I realize that we are all over the place when it comes to our interpretation of scripture, but won’t it be an unprecedented undertaking to be Literal 4 Lent?!

In November, 2007 as I sat silent in the crowd, this prayer rose in my heart. May it rise in your heart, too, as we follow Jesus into a life LIVED for the glory of God…

“I am eager for what YOU will do NEXT, God! Bring it. I am ready.

I am yours.”

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Pray Like This… L4L.29

The WORDMaria_Magdalene_praying

“Pray like this: Our Father in heaven, may your name be kept holy. May your Kingdom come soon. May your will be done on earth, as it is in heaven. Give us today the food we need, and forgive us our sins, as we have forgiven those who sin against us. And don’t let us yield to temptation, but rescue us from the evil one.” Matthew 6:9-13 (New Living Translation)

Such familiar words deserve yet another hearing…

“This, then, is how you should pray: ‘Our Father in heaven: May your holy name be honored; may your Kingdom come; may your will be done on earth as it is in heaven. Give us today the food we need. Forgive us the wrongs we have done, as we forgive the wrongs that others have done to us. Do not bring us to hard testing, but keep us safe from the Evil One.’” (Good News Translation)

This prayer and these words, for some of us, are so routine that we haven’t actually heard them in a very, very long time. Here’s one more opportunity to receive afresh this lesson on prayer from our Lord:

“With a God like this loving you, you can pray very simply. Like this: Our Father in heaven, reveal who you are. Set the world right; Do what’s best – as above, so below. Keep us alive with three square meals. Keep us forgiven with you and forgiving others. Keep us safe from ourselves and the Devil.” (The Message)

Many a prayer formula has been devised using this teaching moment of Jesus. I get the feeling – don’t you? – that formulas weren’t exactly what He was going for as He said this prayer out loud.

The APP

Praise!

Desire for His presence!

Longing for His will to be made known and put on display!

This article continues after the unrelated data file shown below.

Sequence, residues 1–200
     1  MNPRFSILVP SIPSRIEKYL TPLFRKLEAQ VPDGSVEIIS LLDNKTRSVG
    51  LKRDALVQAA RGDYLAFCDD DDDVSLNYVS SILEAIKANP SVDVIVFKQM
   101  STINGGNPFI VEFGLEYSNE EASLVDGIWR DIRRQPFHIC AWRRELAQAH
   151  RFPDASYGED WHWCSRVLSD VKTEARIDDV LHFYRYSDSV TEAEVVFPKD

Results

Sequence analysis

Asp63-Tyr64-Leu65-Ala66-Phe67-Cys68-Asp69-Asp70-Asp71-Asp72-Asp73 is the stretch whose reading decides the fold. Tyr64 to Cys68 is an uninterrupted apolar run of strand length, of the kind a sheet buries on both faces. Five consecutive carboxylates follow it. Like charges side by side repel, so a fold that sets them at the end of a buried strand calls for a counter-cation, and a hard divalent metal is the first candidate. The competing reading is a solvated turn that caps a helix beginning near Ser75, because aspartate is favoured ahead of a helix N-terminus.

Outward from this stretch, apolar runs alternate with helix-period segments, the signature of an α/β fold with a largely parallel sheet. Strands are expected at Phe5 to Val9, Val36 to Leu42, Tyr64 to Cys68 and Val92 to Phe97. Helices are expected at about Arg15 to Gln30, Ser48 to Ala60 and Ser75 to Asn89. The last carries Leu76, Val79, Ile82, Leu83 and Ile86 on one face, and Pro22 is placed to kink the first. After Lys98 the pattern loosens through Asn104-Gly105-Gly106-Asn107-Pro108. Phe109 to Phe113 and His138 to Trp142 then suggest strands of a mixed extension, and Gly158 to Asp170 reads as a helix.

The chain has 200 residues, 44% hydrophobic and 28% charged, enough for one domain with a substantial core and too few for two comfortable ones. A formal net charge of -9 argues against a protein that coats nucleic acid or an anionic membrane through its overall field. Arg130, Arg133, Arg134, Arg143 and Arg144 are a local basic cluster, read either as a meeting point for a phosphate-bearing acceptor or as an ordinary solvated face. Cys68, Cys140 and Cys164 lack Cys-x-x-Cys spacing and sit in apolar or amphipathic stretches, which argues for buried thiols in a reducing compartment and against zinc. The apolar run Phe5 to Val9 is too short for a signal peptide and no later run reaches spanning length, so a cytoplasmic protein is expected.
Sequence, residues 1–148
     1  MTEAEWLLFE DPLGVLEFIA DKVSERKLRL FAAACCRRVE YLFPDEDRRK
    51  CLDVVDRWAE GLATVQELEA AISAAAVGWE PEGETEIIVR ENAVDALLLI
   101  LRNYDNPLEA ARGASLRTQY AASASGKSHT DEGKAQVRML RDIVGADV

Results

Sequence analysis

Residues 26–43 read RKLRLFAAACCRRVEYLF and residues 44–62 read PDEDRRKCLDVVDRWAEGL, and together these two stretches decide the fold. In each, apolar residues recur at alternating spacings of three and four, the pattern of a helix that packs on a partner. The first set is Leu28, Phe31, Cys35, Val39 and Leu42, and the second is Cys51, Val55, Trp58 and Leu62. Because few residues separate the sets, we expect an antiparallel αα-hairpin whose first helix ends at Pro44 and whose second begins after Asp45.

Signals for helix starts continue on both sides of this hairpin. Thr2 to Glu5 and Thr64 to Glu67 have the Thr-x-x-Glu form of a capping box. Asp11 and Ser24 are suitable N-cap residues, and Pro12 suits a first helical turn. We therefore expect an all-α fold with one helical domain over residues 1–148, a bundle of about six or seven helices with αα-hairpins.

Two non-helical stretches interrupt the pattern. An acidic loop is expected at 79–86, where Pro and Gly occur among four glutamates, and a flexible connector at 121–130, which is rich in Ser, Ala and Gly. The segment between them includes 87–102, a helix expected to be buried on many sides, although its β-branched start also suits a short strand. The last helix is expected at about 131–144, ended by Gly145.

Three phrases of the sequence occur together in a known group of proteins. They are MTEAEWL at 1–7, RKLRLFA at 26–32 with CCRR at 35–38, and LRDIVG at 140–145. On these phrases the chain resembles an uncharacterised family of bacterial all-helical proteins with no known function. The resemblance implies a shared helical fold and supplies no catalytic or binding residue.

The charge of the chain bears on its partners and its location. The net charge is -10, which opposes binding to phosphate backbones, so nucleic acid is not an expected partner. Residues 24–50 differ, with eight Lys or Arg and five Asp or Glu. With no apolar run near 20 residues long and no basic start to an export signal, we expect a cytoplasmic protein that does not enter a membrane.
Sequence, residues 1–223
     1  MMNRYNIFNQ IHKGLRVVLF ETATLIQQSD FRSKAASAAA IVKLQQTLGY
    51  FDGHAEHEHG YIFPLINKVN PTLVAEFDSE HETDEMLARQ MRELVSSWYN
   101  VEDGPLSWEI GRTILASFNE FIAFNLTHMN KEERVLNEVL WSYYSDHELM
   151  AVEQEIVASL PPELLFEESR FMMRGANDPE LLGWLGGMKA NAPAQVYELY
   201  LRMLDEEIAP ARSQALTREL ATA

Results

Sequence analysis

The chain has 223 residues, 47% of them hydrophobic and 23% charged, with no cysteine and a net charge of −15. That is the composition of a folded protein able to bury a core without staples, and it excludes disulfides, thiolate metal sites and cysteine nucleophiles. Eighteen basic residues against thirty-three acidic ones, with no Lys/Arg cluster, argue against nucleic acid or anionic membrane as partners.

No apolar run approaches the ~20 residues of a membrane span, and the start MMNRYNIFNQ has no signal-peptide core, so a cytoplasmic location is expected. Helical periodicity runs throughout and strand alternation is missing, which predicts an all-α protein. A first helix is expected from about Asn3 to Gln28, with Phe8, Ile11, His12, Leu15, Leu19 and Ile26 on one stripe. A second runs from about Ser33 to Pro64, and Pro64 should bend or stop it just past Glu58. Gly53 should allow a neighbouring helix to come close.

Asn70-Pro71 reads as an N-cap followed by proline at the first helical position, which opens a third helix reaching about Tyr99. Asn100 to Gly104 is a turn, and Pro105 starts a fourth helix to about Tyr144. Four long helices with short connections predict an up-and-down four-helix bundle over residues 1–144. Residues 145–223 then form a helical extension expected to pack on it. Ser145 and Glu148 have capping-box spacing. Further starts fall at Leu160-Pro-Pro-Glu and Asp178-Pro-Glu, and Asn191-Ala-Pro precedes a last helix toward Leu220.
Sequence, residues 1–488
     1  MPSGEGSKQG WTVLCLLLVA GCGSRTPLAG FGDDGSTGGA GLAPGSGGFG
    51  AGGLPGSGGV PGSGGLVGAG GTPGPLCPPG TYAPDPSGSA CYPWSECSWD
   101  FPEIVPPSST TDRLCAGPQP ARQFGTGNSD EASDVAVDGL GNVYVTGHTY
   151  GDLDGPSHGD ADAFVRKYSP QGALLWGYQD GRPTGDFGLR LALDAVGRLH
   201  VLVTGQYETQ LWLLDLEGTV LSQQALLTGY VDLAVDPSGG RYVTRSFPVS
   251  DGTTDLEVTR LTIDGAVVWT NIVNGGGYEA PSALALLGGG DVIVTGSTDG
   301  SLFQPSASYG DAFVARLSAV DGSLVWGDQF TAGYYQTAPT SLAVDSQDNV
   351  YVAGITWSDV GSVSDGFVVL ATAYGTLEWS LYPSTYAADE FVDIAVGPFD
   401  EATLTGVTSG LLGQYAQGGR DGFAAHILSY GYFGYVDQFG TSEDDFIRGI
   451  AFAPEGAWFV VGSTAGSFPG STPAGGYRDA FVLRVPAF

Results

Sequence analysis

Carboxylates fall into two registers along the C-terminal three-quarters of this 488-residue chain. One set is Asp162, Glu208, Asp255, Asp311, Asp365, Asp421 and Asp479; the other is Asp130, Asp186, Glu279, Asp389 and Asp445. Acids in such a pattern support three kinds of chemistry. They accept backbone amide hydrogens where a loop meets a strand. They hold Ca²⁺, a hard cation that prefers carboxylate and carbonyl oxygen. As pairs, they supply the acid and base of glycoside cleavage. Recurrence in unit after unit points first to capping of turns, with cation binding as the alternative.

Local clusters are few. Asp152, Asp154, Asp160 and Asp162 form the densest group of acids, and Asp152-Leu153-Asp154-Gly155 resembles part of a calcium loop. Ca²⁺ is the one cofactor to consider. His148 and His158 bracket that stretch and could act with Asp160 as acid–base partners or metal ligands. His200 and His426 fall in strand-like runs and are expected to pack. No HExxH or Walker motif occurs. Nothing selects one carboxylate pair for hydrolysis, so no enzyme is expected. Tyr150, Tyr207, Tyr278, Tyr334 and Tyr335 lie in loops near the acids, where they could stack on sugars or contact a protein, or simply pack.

Our physical hunger – quenched.

Our shortcomings and failures – forgiven.

The ability to give grace to others – desperately needed.

Minimize our mistakes (please).

Protection and rescue. Protection and rescue. Protection and rescue!

There it is, Lord. Yes!

Jesus’ most specific teaching on prayer is not only simple, but specific. Nothing fancy. No guesswork here.

To be literal with Jesus’ prayer is something most of us are used to doing – word for word – so the APP for today isn’t necessarily what you might expect…

Instead of rattling off some words that don’t require you to think as you speak, adopt a new and different version of the Lord’s Prayer for Holy Week. Use one of those provided above, or better yet – write your own. There is something soothing and beautiful about familiar words, but there is something powerful and stirring about looking at the familiar from a different point of view.

I would love to hear your version – your personal Holy Week prayer.

Use the comment space below!

Here’s a daily prayer, written by John Eldredge, that utilizes scripture and serves up a powerful opportunity for connecting with our Father. Check it out!

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Getting it SDRAWKCAB L4L.28

Grain in the field

Grain in the field (Photo credit: Wikipedia)

The WORD

“Then Jesus said to [the Pharisees], ‘The Sabbath was made to meet the needs of the people, and not people to meet the requirements of the Sabbath.’” Mark 2:27 (New Living Translation)

“Then Jesus said to the Pharisees, ‘The Sabbath day was made to help people; they were not made to be ruled by the Sabbath day.’” (New Century Version)

God created. Land, sea, stars, moon, trees, flowers, animals, humans. After a survey of the work of His hands, He found it all to be very good. He heaved a holy sigh of contentment and took a day off – to appreciate His workmanship. To enjoy His surroundings. To reinvigorate His creative energy. To rest.

And He calls us to do the same.

The APP